Eray studies the spatial and visual politics of violence, especially but not exclusively in Turkey and its environs. His first monograph in English is titled Victims of Commemoration: The Architecture and Violence of "Confronting the Past" in Turkey (2021, Syracuse University Press). It is a spatial ethnography that discusses grassroots campaigns for transforming Turkey’s sites of political violence into memorial museums and the mainstream responses they triggered in the early 2010s.
Eray's current (2018-21) Leverhulme Trust Early Career Fellowship involves a new research project that explores the ways in which histories of political violence permeate the politics of ecology in Turkey particularly through discourses and practices of disaster resilience. Building on critical scholarship on climate change and the Anthropocene, this project focuses on the expertise and aesthetics involved in responding to and anticipating catastrophe. A pilot run of this project received funding from the BA/Leverhulme Small Research Grants scheme and explored a set of spatial-artistic practices, which, against the grain of the hitherto prevalent tendency of engaging with political violence through its toll on humans and their "culture," have recently set out to pursue this engagement through the more-than-human forces and scales of "nature." The project also relates closely to an edited volume that Eray has co-edited, titled Architectures of Emergency in Turkey: Heritage, Displacement and Catastrophe (2021, Bloomsbury/I.B.Tauris), and to his Turkish-language monograph İklimin Estetiği: Antroposen Sanatı ve Mimarlığı Üzerine Denemeler (Climate Aesthetics: Essays on Anthropocene Art and Architecture, 2020, Everest).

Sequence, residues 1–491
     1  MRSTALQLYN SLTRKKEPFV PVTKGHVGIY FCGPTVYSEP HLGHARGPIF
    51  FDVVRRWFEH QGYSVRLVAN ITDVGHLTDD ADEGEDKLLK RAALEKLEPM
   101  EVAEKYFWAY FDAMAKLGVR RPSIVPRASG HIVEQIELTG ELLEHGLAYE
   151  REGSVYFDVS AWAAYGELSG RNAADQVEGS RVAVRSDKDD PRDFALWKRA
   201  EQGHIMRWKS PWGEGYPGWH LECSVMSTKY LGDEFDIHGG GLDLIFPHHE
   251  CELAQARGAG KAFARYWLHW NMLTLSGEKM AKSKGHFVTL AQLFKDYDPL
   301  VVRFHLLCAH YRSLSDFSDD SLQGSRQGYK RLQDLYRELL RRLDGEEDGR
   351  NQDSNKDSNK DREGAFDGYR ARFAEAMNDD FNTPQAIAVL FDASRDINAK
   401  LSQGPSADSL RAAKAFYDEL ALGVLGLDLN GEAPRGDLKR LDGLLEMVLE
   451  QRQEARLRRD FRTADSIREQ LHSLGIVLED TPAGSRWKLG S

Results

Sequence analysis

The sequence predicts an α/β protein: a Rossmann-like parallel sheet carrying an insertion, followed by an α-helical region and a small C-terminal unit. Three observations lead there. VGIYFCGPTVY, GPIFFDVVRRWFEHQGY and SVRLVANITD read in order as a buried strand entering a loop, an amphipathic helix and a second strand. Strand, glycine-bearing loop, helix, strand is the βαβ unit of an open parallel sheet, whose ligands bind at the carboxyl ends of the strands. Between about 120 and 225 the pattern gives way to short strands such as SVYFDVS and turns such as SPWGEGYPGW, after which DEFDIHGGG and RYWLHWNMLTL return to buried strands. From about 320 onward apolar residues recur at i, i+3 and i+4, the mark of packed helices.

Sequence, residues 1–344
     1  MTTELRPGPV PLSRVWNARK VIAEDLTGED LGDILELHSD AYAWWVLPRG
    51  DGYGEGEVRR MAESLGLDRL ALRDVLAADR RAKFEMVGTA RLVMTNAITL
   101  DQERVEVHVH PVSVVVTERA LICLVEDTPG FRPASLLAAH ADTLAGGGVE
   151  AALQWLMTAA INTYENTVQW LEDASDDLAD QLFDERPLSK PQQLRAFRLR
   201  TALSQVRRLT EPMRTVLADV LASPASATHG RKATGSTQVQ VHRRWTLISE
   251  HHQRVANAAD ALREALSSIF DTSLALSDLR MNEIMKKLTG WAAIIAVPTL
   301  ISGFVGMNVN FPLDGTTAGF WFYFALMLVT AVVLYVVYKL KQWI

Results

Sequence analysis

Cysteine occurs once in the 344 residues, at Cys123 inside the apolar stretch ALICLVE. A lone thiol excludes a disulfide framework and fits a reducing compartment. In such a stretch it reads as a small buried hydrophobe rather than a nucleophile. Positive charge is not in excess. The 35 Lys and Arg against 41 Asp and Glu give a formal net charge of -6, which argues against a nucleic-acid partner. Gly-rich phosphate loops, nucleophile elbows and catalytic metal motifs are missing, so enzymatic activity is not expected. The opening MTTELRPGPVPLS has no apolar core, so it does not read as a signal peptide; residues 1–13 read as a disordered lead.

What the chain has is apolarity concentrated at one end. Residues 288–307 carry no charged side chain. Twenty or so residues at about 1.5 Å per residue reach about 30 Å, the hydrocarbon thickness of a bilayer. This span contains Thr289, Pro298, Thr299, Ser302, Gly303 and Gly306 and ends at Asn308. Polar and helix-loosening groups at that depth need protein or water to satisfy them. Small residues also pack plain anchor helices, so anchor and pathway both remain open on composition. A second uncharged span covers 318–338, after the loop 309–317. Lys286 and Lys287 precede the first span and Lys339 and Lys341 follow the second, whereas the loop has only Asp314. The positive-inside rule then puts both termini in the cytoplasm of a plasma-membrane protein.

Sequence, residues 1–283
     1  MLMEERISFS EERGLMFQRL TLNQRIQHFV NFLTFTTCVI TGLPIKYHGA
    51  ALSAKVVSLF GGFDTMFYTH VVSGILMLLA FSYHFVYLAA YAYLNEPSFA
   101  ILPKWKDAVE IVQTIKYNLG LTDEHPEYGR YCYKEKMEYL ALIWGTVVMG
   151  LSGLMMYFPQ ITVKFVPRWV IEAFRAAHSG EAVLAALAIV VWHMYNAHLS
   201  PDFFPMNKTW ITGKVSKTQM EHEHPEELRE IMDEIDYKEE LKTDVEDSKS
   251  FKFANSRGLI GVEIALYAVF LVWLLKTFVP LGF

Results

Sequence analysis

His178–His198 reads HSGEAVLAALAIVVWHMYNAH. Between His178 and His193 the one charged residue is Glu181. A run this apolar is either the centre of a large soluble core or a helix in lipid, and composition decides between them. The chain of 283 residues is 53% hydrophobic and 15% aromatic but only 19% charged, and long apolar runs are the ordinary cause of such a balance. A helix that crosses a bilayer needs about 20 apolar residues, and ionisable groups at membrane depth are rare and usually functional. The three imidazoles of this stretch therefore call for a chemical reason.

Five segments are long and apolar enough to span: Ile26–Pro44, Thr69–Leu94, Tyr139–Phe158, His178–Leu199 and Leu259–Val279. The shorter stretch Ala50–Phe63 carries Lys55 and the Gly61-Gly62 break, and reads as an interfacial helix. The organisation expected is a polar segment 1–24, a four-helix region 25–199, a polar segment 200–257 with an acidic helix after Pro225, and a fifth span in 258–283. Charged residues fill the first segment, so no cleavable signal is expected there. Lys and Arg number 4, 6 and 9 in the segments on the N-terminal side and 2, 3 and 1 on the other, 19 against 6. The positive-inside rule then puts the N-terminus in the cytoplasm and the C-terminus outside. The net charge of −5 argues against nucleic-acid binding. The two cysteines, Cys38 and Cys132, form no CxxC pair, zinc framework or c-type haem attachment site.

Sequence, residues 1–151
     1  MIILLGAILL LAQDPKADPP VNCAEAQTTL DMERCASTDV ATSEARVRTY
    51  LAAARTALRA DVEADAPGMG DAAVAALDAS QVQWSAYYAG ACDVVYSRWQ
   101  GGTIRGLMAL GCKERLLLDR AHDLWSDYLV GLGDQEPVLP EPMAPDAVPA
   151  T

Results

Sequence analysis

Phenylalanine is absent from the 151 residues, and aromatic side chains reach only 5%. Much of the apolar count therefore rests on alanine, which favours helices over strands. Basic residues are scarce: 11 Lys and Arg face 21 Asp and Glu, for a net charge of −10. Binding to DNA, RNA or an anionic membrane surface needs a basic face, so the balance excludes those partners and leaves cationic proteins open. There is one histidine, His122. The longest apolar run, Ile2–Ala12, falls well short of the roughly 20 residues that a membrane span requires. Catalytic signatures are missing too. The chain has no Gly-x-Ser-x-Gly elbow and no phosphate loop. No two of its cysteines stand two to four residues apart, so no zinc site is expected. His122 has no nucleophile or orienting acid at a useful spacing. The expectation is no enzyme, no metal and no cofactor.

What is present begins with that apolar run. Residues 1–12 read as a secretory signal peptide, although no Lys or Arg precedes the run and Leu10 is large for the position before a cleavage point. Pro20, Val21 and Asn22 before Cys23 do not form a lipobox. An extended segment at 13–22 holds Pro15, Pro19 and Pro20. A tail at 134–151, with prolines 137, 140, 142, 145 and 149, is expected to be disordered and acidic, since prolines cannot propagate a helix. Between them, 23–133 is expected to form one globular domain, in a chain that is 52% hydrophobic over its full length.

Alongside conducting research, Eray teaches the postgraduate course "Imaging Violence, Imagining Europe" (EU486) at the European Institute.
Before joining the LSE, Eray worked at numerous universities in the UK, designing and teaching courses as well as carrying out his own research from 2012 onwards. These include University College London's (UCL) History of Art department and Syracuse University (London programme) where he taught on London's architectural histories of political conflict, violence and disaster, the Bartlett School of Architecture, UCL, where he co-led the first-year undergraduate module in Architectural History & Theory, the University of Hertfordshire where he ran Critical & Contextual Studies teaching across all three levels of undergraduate study in Architecture and Interior Architecture. Eray holds a PhD from UCL, which he obtained in 2015.